Question: The first three reasons explain why the Torah commands to leave at the end!
Answer (Rava): It means, on account of swindlers [who would claim that they already left Pe'ah and Aniyim took it].
(R. Yitzchak bar Redifah): If a Ner has two openings (for wicks), two people can fulfill the Mitzvah through it.
(Rava): If one filled a bowl with oil, surrounded it with wicks and covered it with a Kli, many people may be Yotzei with it;
If it is not covered, [the flames merge,] it is like a bonfire, no one may be Yotzei (it does not resemble a Ner).
HOW TO MERIT CHILDREN THAT ARE CHACHAMIM
(Rava): The following is obvious to me - if one does not have enough money for Ner Shabbos and Ner Chanukah, Ner Shabbos has precedence, so there will be Shalom Bayis (people are pained to dwell in darkness).
If he does not have enough money for Ner Shabbos and [wine for] Kidush ha'Yom [at the start of Shabbos, it is mid'Oraisa], Ner Shabbos has precedence, on account of Shalom Bayis;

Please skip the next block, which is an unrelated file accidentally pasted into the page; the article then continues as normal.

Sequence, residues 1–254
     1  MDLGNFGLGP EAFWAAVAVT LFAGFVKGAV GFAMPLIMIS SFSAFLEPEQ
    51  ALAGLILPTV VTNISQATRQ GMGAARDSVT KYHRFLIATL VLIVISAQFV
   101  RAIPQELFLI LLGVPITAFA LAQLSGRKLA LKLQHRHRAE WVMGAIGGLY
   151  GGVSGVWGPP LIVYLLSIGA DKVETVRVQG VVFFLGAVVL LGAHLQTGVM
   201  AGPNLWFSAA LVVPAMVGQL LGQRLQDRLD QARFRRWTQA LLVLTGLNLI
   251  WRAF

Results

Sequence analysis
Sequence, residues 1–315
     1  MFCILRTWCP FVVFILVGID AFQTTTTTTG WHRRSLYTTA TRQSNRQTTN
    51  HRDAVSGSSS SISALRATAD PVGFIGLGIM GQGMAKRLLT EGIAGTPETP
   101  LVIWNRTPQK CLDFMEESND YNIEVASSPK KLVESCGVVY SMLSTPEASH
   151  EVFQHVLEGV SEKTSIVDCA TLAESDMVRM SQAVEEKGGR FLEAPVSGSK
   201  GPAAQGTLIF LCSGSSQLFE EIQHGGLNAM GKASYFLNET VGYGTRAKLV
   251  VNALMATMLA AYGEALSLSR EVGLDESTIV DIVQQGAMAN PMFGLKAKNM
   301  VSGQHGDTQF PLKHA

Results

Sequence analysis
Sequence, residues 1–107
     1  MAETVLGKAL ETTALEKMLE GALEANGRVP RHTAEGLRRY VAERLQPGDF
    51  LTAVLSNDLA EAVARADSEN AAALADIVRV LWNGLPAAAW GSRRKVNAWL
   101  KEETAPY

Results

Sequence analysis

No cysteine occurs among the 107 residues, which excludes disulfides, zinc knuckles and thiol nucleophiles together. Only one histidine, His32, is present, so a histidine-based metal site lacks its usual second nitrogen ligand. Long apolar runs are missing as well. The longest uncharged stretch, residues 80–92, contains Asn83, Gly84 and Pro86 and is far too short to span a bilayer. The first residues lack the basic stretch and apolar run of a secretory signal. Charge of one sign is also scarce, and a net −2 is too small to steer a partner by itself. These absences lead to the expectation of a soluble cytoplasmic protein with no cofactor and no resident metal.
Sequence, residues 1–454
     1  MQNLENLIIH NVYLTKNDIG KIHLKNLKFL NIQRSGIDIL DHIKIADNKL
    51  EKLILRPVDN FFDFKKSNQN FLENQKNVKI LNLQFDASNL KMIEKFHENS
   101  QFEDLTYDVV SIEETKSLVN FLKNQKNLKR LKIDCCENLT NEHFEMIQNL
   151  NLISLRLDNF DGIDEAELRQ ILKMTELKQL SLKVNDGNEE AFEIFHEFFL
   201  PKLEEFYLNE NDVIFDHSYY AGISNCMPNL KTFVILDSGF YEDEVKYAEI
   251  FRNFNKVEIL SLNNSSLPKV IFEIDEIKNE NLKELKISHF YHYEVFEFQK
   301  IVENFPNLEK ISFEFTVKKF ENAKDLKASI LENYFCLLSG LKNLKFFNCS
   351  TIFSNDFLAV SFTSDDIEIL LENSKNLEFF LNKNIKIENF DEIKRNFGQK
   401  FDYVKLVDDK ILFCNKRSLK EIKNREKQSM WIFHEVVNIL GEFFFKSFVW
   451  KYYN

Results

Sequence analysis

Question (Rava): If he does not have enough money for Ner Chanukah and Kidush ha'Yom, which has precedence?
Kidush ha'Yom has precedence, for it is Tadir (comes more frequently);
Or, perhaps Ner Chanukah has precedence, to publicize the Nes!
Conclusion (Rava): Ner Chanukah has precedence, to publicize the Nes.
(Rav Huna): One who regularly fulfills Ner Shabbos and Ner Chanukah will have children who are Chachamim ("Ki Ner Mitzvah v'Sorah Or";)
One who is careful to fulfill Mezuzah properly will merit to have a nice dwelling; one who is careful about Tzitzis will merit to have a nice garment;
One who is careful about Kidush ha'Yom will merit to have much wine;
Rav Huna used to pass by the door of R. Avin Nagra; he saw that he used to burn much oil. Rav Huna said that great Chachamim will descend from him; this was fulfilled through Rav Idi bar Avin and Rav Chiya bar Avin.
Rav Chisda saw that the father (or father-in-law) of Rav Shizbi used to burn much oil; he said that a great Chacham will descend from him - this was fulfilled through Rav Shizbi.